Meanwhile, the U.S. Army began to try to deal with the Mojave Indian uprising along the Colorado River. A small detachment was sent from Los Angles to scout the Colorado River area in early January, 1859, resulting in the small Battle of Beaver Lake on the west side of Beale Crossing. The small company of army troopers were lucky to escape with only a few casualties. On 4-19-1859, Camp Colorado is formed on the eastern bank of Beale Crossing by a fresh U.S. Army battalion of about 600 troopers, recently stationed in Los Angeles, and commanded by Lt. Col. William Hoffman. During the next week (4-23) Lt. Col. Hoffman makes peace with local Mojave Indians (on 4-23-59), consumes a lot of food, and his army begins to build permanent defensive quarters on the high ground near the crossing. Satisfied that peace is holding and his troops are safe, Lt. Col. Hoffman takes most of his large army, along with eight Indian captives, south along the Colorado River to Ft. Yuma, leaving a small army force behind, commanded by Capt. Lewis A. Armistead. As Lt. Col. Hoffman leaves for Ft. Yuma on 4-28-59, Fort Mohave is officially commissioned operational under the command of Capt. Armistead, and his remaining 50 troopers. Soon Lt. E. F. Beale’s second expedition west to build the Beale Wagon Road will arrive.
Lt. Beale Returns on Second Expedition
On May 1, 1859 Lt. Beale with a small vanguard party arrives first at Beale Crossing (now Fort Mohave /Camp Colorado), being unsure of the status of Indians along the river. Beale discovers that peace has just been made with the Indians and that Capt. Armistead is now in command of a small U.S. Army force now stationed along River. Beale orders his remaining caravan to come down to Beale Crossing and prepare to cross the river. Beale’s camels and supply caravan cross the Colorado on 5-4-59 and head for Los Angeles for provisions (Udell is with them). Lt. Beale goes with his resupply caravan to Los Angeles and does not return to Fort Mohave with his new supply train until June 26, 1859. Beale leaves his work crew with Lt. Samuel A. Bishop in command to work on Black Mountain road (Sitgreaves Pass).
On June 29, 1859 Lt. Beale’s second expedition departs the Colorado River and Fort Mohave headed back east along the improving Beale Wagon Road, arriving at Albuquerque, New Mexico on 7-29-1859. Capt. Armistead and Lt. Elisha Marshall and their small force have a final and decisive fight with Mohave Indians 12 miles south of Beale Crossing on 8-4-1859, killing most of remaining Indian warriors. Fort Mohave was later burned on 5-28-61 at the start of Civil War, then re-garrisoned by U.S. troops on 5-19-63, primarily to protect California miners riding eastward to new gold and silver deposits just discovered in the Cerbat Mountains north of Kingman, AZ in early 1863.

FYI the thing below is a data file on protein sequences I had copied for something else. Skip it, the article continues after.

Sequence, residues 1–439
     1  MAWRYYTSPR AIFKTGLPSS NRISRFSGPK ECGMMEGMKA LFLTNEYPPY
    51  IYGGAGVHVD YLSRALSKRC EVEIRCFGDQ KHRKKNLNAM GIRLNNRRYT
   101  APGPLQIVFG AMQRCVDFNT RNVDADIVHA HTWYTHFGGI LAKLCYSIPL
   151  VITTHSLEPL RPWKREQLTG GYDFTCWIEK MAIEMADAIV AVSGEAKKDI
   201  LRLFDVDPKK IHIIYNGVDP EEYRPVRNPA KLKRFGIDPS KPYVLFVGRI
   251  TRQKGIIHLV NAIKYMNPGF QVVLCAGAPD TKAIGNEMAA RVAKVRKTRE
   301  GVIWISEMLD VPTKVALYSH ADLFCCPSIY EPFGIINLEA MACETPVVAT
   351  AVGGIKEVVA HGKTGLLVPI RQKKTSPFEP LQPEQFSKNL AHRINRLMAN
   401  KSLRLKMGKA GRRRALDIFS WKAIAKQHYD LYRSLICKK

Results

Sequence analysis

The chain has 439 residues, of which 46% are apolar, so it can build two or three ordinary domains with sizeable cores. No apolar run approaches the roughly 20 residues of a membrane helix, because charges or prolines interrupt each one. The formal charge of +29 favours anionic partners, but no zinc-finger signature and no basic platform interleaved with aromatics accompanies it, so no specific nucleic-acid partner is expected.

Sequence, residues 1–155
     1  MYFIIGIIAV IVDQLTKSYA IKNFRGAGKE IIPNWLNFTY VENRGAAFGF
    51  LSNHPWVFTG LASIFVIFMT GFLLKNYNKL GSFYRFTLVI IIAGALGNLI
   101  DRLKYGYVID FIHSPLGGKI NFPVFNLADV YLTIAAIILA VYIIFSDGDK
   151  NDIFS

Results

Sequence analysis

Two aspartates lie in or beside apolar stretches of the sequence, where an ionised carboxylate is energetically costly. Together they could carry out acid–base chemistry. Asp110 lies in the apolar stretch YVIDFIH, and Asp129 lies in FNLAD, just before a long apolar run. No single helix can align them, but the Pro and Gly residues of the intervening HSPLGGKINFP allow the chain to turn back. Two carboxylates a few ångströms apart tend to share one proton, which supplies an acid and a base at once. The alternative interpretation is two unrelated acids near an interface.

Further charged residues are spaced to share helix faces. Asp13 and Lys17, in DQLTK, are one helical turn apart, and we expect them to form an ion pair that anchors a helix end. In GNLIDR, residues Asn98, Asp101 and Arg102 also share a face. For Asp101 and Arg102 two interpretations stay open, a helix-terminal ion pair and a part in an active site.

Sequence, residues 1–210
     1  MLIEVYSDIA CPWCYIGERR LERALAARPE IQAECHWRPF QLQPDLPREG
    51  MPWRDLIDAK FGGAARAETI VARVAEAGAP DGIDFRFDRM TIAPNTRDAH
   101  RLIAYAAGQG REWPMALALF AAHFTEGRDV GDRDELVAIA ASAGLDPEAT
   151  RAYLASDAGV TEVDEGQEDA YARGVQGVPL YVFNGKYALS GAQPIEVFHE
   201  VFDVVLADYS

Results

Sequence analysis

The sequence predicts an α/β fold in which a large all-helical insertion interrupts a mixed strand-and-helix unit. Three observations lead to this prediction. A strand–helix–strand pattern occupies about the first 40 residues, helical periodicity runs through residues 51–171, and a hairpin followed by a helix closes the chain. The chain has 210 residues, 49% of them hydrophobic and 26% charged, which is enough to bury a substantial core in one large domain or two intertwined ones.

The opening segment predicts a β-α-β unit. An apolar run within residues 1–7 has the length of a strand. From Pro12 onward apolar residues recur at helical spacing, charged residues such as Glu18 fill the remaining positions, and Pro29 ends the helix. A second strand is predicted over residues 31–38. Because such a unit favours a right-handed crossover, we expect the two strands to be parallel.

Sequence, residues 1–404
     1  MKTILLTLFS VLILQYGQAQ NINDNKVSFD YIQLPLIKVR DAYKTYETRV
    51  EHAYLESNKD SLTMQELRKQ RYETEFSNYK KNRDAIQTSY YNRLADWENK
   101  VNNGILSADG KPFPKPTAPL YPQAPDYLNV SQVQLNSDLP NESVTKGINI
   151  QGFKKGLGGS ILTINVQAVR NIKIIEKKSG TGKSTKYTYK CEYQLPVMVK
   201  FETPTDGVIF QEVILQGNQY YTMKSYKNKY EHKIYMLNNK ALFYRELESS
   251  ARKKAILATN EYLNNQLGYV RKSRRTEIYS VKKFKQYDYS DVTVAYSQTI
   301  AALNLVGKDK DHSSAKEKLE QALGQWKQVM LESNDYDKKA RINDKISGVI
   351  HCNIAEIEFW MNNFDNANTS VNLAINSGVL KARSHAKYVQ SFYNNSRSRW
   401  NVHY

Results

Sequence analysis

Fort Mohave remained operational protecting the Beale Wagon Road and Immigrant Trail until the railroad arrived and crossed the Colorado River 21 miles below Fort Mohave at Needles, California in 1883. Following the Civil War, by 1867 the Hardyville ferry five miles north has become so dominant that the Beale Wagon Road from California to Kingman had shifted north to cross the Black Mountains at what was truly “Sitgreaves Pass,” soon known to the victors of the war as “Union Pass.” This new Beale Wagon Road section thru Union Pass became even more dominant as large-scale mineral ores were hauled by wagon trains to Hardyville and nearby Harpers for processing before shipping downstream by steamboat to Yuma. It all ended for the Beale Wagon Road, and for Harpers and Hardyville in 1883 when A&P’s (Santa Fe) transcontinental railroad bridge across the Colorado River was finally completed 26 miles south of Hardyville at Topock, AZ.
The Atlantic & Pacific Railroad crossed the Colorado River to Needles, California in 1883, the new A.T.S.F. railroad relocated in 1890, then the automobile-oriented National Old Trails Road from Kansas City to Los Angeles came in 1916, followed by Historic US 66 in 1926, then post-war Santa Fe Railroad built a new bridge in 1945, the modern US 66 borrowed the abandoned railroad bridge in 1947, and finally, the four-lane divided Interstate Highway 40 came in 1966. All served the national transportation needs initially addressed by the Beale Wagon Road of 1859, and the six iron-bridges initially built in Indian Territory.